Out on the Wire: The Storytelling Secrets of the New Masters of Radio
By Jessica Abel, Broadway Books, 240 pages, $20
In 1999, making a behind-the-scenes comic book that profiled This American Life, Jessica Abel was in on the ground floor of radio's renaissance. In the time since, she maintains, "radio in the U.S. has evolved entirely new ways of telling stories," with podcasts and programs such as Radiolab and Planet Money breaking new ground for the medium, and winning it new-found admirers. Expanding on the lessons she initially learned from host Ira Glass – who appears often in Out on the Wire as an amiable guide – Abel interviews the teams behind radio's vanguard, recasting their thoughts into comic-strip language. There's a remarkable kinship between the two art forms, so that radio's lessons about structuring stories apply equally well to comics (and writing and filmmaking), while Abel's cartooning evokes vivid scenes before the reader's eyes, much as radio does in listeners' minds. At times, the talking heads here seem too dense, or the visual metaphors too blatant, but Abel's presentation is more often streamlined and elegant. Her book itself exemplifies how to tell a tricky story cleanly and clearly.
By Cole Closser, Koyama Press, 160 pages, $15
Cole Closser is a cartoon ventriloquist, sticking his hand into bodies of comic-strip work not his own and making them speak with a creaky, unnatural, wondrous voice. His sophomore book takes a simple cartoon archetype – the black rat of the title – and turns him into a funny book version of Virginia Woolf's Orlando, immortal and ageless, traipsing through past eras of his medium's history. Each chapter pastiches a different antiquated aesthetic, with the rat dropping into stories that replicate the dubious printing quality of prewar Japanese manga, or parrot the stilted manner of old children's books by the likes of Johnny Gruelle (creator of Raggedy Ann). But beneath Closser's rollicking adventures and note-perfect mimicry resounds a black note of dread and despair. The rat converses with his human companions in gnomic utterances, drained of affect – "Everything dies," one person says; "If it lives," the rat replies – and his deathless existence comes to seem selfish and sinister, compared with the transience of everything around him, all faded ink and crumbling paper.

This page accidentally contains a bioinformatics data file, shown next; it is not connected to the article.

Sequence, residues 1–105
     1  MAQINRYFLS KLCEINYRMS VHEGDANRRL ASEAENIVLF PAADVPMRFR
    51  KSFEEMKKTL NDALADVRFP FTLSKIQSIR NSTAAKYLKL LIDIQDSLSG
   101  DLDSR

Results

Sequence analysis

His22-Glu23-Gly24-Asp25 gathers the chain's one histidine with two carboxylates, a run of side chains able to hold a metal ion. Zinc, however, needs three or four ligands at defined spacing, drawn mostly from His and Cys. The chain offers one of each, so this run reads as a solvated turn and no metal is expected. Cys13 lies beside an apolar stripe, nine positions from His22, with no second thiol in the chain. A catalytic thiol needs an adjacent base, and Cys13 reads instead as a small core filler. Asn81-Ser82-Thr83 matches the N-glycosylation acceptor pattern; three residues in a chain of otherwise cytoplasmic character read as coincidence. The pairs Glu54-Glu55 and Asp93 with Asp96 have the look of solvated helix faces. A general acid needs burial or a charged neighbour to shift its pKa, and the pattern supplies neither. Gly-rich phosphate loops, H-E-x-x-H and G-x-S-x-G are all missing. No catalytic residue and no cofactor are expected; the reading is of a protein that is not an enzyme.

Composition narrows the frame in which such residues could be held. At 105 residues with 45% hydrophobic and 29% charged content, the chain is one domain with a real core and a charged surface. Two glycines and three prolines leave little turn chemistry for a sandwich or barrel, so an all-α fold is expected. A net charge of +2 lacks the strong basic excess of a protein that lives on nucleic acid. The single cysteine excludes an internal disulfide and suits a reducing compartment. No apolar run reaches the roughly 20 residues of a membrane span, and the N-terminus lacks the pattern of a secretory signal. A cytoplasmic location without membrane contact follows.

By Michael DeForge, Koyama Press, 120 pages, $19.95
Throughout this startling, inventive collection of short comics – his third in three years – DeForge sloughs off stories like a snake does skins. His styles slink from primitive to twee to toxic and back, from the scrawl of a first-grader to something like X-rated anime viewed under blacklight. Fittingly, his comics take this kind of startling change as their very topic. DeForge's characters mature unwillingly, moulting away their old lives and dressing up in new identities – if not new bodies. In one strip, spooked colonists adapt to their new lives on Mars, their flesh mutating and memories fading; in another, a shadowy firm uses a young man's Web history to destroy his life and alter his identity. The last story seems to show cities viewed from a hijacked plane, but they could be mistaken for clusters of cells, metastasizing under a microscope. Count DeForge among that class of literary trickster – Donald Barthelme or, heck, why not Kafka – whose bizarre, melancholic fancies map onto amorphous modern anxieties in ways that realist fiction could never imagine.